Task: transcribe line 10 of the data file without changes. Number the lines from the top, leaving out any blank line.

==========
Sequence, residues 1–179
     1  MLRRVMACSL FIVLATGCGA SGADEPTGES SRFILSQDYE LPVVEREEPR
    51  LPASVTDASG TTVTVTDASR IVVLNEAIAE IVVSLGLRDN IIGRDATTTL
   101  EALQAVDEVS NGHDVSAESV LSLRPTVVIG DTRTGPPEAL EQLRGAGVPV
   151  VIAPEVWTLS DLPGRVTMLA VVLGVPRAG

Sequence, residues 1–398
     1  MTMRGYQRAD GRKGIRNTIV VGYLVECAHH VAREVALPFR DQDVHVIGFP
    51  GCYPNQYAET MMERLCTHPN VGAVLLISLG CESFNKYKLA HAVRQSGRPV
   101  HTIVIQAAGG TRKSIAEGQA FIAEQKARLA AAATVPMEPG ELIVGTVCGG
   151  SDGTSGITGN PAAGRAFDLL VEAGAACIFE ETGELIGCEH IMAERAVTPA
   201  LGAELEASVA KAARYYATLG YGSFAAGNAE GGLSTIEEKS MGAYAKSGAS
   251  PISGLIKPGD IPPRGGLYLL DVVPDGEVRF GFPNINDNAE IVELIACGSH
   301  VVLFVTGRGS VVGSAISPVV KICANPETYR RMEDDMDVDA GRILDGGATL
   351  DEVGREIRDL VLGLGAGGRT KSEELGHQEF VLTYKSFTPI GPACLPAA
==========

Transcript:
   151  SDGTSGITGN PAAGRAFDLL VEAGAACIFE ETGELIGCEH IMAERAVTPA